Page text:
- The Washington Times - Wednesday, April 23, 2008

ATLANTA — The fireworks went off, fans cheered as the video tributes played and then nothing.

And it wasn’t because John Smoltz didn’t get the job done. The Atlanta Braves pitcher was every bit the scowling, stubborn pitcher he always has been. He struck out four Washington Nationals batters in the game’s first three innings, politely waved to fans as they rose to acknowledge his 3,000th career strikeout and had six more strikeouts before he was done.

He just got beat.

If the Nationals were going to stop a three-game losing streak and make somebody else the center of Smoltz’s party, it almost had to be their baby-faced, private school left-hander who throws with the same nerve as the 40-year-old he grew up watching in Long Beach, N.Y. The one who unintentionally drilled Chase Utley and Ryan Howard in his big league debut, got ejected to a chorus of boos from Phillies fans and said he would love to pitch there again. The one who walked into San Francisco’s AT&T; Park in August with Barry Bonds standing on the edge of history and threw his last pitch of the night past him.

John Lannan seems to relish those moments, and he stole another one last night. With seven shutout innings, Lannan handed Smoltz his first loss of the season as the Nationals beat Atlanta 6-0 to split a two-game series.

That was something to watch, manager Manny Acta said. I was telling some of my coaches that we want to win every single night, but with the plan we have here, an outing by this young man like that is worth three or four of those losses I have suffered already.

Smoltz was in control almost from the beginning, throwing a cut fastball that dived under Felipe Lopez’s bat for the second out of the third inning, making him the 16th pitcher to reach 3,000 strikeouts. He accepted congratulations from Atlanta’s infielders as the Turner Field crowd of 23,482 gave him a raucous ovation. A video tribute played on the stadium scoreboard between the top and bottom of the third, when Smoltz got another standing ovation after grounding out to lead off the inning.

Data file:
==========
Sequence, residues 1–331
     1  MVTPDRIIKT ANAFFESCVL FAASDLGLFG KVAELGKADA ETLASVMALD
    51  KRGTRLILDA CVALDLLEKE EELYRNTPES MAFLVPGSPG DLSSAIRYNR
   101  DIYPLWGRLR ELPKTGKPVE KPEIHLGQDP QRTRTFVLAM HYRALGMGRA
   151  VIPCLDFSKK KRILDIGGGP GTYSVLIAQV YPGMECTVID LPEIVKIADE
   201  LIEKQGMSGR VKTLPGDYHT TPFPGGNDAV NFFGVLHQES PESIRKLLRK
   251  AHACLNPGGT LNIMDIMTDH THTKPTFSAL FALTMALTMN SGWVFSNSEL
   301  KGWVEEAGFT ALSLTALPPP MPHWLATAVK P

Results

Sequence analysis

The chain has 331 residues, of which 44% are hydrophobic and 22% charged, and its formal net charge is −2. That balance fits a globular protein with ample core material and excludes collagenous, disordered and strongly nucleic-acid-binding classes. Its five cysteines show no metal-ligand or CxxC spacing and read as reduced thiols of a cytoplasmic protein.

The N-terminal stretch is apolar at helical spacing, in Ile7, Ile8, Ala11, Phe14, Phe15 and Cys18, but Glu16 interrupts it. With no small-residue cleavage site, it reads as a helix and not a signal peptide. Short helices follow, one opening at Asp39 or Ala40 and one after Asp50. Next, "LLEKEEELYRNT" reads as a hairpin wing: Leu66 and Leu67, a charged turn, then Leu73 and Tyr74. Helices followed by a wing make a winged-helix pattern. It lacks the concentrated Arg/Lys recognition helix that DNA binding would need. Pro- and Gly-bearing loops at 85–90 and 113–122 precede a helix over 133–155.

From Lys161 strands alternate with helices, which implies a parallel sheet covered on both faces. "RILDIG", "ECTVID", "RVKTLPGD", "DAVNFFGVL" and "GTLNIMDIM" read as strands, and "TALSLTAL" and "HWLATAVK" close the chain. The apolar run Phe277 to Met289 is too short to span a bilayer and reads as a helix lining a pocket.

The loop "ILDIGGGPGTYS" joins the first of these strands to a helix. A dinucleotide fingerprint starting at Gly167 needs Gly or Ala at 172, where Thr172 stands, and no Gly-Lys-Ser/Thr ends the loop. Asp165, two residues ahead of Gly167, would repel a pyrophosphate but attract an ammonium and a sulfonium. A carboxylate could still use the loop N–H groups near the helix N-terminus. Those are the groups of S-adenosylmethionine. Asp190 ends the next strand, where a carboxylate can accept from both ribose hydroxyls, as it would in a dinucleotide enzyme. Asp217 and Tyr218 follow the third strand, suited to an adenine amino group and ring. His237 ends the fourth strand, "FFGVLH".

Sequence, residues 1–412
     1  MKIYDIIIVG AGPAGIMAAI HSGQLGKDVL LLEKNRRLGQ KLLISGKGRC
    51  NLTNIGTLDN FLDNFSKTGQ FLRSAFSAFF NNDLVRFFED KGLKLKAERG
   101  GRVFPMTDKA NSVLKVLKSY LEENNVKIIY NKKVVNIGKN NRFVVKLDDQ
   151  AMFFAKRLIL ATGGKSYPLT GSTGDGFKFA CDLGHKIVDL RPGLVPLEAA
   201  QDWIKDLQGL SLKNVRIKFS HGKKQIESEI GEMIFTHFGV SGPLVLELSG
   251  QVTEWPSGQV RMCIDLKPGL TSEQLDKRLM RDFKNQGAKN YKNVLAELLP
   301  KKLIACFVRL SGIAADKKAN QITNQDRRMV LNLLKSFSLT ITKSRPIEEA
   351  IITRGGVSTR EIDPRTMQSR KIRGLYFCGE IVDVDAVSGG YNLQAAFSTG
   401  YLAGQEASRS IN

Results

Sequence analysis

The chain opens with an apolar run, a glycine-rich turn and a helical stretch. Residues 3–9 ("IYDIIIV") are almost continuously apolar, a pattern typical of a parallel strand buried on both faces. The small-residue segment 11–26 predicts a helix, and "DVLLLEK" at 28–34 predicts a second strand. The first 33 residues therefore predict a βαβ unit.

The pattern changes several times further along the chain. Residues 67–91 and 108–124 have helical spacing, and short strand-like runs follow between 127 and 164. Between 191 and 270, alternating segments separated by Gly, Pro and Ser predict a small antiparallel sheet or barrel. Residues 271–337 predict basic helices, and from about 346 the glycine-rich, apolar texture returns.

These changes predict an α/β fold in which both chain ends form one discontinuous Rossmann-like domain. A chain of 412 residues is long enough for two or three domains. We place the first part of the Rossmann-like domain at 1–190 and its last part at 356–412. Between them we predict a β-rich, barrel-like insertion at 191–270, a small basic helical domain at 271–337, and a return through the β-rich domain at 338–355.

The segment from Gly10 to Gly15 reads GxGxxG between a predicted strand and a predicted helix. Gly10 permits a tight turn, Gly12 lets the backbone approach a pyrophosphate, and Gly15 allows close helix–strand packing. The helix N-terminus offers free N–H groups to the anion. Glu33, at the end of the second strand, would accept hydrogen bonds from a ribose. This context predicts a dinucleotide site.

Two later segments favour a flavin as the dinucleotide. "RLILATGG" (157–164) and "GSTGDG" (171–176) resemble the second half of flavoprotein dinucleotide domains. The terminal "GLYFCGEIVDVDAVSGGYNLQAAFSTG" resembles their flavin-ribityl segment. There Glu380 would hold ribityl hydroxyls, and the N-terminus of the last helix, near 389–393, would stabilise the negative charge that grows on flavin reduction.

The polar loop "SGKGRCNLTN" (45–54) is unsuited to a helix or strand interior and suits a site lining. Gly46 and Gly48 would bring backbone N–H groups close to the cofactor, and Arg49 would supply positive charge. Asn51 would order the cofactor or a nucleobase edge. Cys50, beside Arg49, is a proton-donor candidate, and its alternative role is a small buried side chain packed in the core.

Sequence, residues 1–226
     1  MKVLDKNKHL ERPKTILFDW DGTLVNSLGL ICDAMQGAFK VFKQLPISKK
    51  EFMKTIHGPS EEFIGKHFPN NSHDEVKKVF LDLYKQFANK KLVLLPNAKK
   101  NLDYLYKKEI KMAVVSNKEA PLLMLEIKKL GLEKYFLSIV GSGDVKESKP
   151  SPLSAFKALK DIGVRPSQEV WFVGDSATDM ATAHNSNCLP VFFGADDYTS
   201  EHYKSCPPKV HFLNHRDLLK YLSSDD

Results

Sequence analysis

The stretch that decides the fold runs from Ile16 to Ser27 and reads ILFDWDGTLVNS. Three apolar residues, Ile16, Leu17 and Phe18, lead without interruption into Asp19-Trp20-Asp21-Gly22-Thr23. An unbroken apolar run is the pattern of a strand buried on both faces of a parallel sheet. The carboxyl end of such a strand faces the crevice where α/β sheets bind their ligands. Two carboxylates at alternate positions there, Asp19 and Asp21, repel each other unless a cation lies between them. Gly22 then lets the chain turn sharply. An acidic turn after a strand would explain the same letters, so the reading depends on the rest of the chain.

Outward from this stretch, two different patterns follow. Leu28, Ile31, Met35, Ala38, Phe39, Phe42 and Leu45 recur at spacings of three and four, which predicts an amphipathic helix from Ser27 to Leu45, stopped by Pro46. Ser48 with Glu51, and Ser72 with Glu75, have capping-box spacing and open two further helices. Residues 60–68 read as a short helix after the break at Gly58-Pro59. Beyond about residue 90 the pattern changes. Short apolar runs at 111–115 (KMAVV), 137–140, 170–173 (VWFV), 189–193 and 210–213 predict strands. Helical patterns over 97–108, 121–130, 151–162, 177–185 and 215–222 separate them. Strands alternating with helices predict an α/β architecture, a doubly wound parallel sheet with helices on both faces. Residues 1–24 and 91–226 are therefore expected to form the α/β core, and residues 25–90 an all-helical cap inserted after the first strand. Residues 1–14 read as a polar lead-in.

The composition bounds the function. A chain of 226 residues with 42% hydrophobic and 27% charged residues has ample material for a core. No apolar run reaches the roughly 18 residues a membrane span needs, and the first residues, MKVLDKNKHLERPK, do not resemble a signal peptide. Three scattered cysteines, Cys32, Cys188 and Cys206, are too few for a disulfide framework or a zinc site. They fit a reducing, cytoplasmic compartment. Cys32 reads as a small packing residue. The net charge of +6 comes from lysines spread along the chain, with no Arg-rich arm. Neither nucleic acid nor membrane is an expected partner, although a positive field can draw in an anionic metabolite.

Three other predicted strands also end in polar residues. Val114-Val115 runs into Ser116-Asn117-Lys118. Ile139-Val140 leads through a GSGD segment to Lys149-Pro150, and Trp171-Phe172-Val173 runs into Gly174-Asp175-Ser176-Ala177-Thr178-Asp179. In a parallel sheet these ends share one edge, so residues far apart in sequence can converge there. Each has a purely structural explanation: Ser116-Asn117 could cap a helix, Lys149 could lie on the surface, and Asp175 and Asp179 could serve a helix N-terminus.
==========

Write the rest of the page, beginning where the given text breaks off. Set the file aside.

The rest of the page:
But unlike Lannan’s April 12 outing against the Braves, when he gave up four runs in the first inning and lost to Smoltz, the 23-year-old attacked from the beginning. He relied on a heavy diet of fastballs to start the game, throwing off-speed pitches earlier in counts as the game went on and allowed only two runners to reach second.

I live with my fastball. That’s the only thing that makes me or breaks me, Lannan said. If my fastball’s up, I get hurt. I’ve got to work on locating my fastball and just build on this start.

Fifty-nine of his 95 pitches were strikes, and he left after seven innings with a 1-0 lead. That came courtesy of back-to-back doubles by Lastings Milledge and Willie Harris in the third inning.

And for all their offensive struggles in the last week, the Nationals put together a ninth-inning outburst that made it so Jon Rauch didn’t even enter in a save situation.

Milledge and Harris led off with a double and a walk, Wil Nieves reached on an error and Rob Mackowiak delivered Washington’s fourth pinch hit in two games. By the time Ryan Zimmerman drove in two runners with a double, it was 6-0 and the Nationals had hung a legitimate big inning on their opponents.

Whenever we’re getting guys on base, it’s always a start to something, Harris said. We were able to get some things going, a couple walks, a couple hits, and Rauch closed it out for us.

That iced the first win for Lannan this season and unquestionably the most memorable of his young career.

Tonight he went up against a Hall of Famer, said Harris, who played with Smoltz last season. Lannan’s a bulldog, too. He doesn’t give in to anybody.

Copyright © 2019 The Washington Times, LLC. Click here for reprint permission.

The Washington Times Comment Policy

The Washington Times welcomes your comments on Spot.im, our third-party provider. Please read our Comment Policy before commenting.


Click to Read More and View Comments

Click to Hide